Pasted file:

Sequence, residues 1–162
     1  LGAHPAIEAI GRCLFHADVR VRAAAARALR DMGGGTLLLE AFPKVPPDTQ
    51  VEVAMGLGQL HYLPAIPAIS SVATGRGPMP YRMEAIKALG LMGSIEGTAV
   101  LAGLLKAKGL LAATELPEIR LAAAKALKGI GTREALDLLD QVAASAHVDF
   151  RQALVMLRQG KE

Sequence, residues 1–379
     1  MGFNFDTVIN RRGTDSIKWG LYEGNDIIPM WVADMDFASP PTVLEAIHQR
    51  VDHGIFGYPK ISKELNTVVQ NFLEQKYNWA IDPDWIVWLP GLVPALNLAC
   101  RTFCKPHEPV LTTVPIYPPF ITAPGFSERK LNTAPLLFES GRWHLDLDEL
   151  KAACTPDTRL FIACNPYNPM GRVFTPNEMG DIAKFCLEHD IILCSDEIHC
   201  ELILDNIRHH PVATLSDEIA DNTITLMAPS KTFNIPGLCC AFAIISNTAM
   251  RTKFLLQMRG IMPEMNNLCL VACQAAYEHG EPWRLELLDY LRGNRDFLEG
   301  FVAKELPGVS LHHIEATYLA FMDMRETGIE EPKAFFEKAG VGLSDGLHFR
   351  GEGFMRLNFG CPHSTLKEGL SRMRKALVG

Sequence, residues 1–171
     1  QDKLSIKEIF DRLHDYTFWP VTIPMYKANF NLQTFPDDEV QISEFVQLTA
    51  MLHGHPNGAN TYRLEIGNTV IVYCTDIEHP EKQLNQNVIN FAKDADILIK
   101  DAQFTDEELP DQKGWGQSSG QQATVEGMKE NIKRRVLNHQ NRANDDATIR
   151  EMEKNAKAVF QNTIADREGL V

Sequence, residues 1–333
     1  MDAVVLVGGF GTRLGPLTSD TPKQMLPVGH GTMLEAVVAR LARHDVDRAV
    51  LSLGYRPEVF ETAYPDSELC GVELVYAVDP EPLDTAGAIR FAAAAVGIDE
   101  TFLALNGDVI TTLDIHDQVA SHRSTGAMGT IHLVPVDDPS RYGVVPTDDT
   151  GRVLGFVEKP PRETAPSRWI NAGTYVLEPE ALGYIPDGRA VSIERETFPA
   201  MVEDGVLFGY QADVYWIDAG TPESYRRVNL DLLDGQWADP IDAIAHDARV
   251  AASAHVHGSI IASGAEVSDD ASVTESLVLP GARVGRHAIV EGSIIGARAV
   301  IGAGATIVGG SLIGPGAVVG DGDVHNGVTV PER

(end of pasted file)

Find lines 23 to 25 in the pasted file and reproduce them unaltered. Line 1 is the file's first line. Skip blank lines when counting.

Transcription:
   101  TFLALNGDVI TTLDIHDQVA SHRSTGAMGT IHLVPVDDPS RYGVVPTDDT
   151  GRVLGFVEKP PRETAPSRWI NAGTYVLEPE ALGYIPDGRA VSIERETFPA
   201  MVEDGVLFGY QADVYWIDAG TPESYRRVNL DLLDGQWADP IDAIAHDARV